Commitment. Very little is as frustrating as post-meeting conversations of this sort: “Wait—what did we just decide to do?” or perhaps, “Well, we may have decided X, but personally I’m just going to wait and see.” The opposite of this murkiness is commitment, an agreement on what the group decided and unanimous support for the decision. Decision logs—record books of every decision a group takes—can help reinforce commitment. So can explicit “rules” regarding decisions: Intel, for example, expects everyone to “agree and commit, or disagree and commit, but commit.” Dow Chemical takes commitment one step further. The company embeds decisions regarding business-unit strategy in contracts that detail the specific strategic decisions that have been made, the resources required to implement the strategy effectively, and the individuals who are accountable for delivering on the decisions.
Closure. We like to tell audiences the fable about three frogs on a log. One frog decides to jump off; how many are left on the log? Some people say two, the obvious choice; others say none, figuring the first frog rocked the log and knocked the others off. But the answer is three, because deciding to do something isn’t the same as doing it. This homely lesson applies to every major decision: if you don’t communicate the decision, establish responsibility and timelines for implementation and set up a feedback loop to monitor performance, nothing will happen. That was Tim Beckman’s problem with his California turbine factory.
Paying attention to closure is essential because the people trying to implement a decision can run into so many different obstacles. Companies may need to reallocate resources and adjust budgets. They may need to redefine individual responsibilities. Quick feedback is critical, so that executives can determine whether the decision is working out as planned. In 2004, for instance, Wal-Mart decided not to offer steep discounts during the holiday selling season. On the Friday after Thanksgiving—the season’s traditional opening day—competitors noticed Wal-Mart’s strategy and began trumpeting their own holiday discounts, sensing an opportunity to draw customers away from the retail giant. But Wal-Mart was closely monitoring results, and its executives soon realized their new approach wasn’t working. They quickly reversed the decision—and within days, every store in the Wal-Mart system had returned to the company’s traditional practice of holiday discounting. Wal-Mart’s same-store sales for the month rose 3 percent, not far behind Target’s 5 percent, thanks to the leadership’s ability to respond quickly to feedback and the organization’s ability to swiftly execute the new decision.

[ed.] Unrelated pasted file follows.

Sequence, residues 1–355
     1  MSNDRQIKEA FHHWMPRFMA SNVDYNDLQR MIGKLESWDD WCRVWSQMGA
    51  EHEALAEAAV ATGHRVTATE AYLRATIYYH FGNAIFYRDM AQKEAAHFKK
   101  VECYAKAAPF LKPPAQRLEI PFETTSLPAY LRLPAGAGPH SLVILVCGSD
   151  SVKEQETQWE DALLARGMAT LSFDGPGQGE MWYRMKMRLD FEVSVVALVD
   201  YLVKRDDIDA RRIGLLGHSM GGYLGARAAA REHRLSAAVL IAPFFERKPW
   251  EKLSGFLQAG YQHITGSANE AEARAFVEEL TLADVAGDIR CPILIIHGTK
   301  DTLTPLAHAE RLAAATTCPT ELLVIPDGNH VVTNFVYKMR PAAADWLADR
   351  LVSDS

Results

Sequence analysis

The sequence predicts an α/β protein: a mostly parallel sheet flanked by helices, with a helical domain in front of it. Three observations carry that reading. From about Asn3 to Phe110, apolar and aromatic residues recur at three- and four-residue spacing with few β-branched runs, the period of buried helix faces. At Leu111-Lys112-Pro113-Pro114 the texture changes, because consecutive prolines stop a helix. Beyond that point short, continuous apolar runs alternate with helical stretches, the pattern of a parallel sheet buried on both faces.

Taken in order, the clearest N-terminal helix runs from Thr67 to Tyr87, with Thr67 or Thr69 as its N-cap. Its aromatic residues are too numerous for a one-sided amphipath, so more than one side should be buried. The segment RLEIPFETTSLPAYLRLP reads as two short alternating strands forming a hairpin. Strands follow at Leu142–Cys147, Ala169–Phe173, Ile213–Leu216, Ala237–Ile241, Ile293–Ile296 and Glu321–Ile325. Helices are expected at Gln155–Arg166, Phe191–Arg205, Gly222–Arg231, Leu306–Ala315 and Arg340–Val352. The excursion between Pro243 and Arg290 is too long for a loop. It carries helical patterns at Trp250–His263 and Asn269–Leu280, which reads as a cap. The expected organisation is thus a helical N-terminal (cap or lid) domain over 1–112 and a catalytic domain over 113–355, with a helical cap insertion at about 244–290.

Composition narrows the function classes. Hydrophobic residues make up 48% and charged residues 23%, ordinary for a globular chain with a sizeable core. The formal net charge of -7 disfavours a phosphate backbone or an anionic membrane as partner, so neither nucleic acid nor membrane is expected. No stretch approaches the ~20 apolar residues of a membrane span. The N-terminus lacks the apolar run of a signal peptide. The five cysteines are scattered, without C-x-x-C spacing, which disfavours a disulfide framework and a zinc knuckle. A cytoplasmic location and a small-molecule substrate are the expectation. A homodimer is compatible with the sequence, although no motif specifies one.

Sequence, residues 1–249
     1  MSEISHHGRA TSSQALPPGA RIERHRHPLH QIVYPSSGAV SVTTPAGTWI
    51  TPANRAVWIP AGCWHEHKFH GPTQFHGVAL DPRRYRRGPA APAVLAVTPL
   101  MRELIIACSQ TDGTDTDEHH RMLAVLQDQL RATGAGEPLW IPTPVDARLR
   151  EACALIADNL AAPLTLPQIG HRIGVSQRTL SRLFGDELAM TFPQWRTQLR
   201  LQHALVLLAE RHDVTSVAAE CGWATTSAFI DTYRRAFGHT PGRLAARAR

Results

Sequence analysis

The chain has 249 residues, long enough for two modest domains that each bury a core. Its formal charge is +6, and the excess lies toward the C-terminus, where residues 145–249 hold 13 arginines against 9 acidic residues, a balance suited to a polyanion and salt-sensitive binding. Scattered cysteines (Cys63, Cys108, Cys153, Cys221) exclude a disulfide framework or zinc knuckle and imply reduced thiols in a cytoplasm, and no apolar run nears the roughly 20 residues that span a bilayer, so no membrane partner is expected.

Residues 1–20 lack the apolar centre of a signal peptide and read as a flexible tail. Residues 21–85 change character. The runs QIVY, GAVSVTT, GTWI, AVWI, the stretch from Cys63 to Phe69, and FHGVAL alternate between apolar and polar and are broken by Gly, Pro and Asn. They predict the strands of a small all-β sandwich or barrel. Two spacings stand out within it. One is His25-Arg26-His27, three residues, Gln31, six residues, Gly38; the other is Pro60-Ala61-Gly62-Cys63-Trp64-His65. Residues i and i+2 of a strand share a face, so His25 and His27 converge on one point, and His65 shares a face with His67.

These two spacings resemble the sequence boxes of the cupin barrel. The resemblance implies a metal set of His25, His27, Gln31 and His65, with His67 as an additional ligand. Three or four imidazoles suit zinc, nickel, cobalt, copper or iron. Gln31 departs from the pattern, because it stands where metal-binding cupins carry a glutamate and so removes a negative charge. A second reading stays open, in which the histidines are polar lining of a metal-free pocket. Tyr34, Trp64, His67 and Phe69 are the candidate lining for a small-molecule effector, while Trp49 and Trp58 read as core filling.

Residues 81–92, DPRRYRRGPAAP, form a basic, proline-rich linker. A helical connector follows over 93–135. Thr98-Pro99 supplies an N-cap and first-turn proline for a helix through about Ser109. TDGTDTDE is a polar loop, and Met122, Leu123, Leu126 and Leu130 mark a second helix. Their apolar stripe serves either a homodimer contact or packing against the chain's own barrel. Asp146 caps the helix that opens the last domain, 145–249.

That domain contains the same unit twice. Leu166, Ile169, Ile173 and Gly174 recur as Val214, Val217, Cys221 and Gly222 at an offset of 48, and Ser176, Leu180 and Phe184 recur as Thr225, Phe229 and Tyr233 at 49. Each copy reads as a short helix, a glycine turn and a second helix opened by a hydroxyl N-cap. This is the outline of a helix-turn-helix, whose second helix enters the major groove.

This overview of a structured decision approach should help you eliminate any dysfunctional practices and establish more fruitful ones. But many companies have found that they also need enablers—practical methods for oiling the decision-making machinery. Our research and experience have helped us identify four such enablers, each one remarkably powerful in its effects.
Set decisions up for success. Too many companies just dive into a major decision. They never take the time to plan, prepare and set it up for success. It helps to take a few moments before every such decision to ask questions such as these:
- What decision are we actually trying to make?
- What are the criteria for the decision?
- What is the information required, and what is the burden of proof?
- Who will play what role?
- What is the timeline, both for the decision and for execution?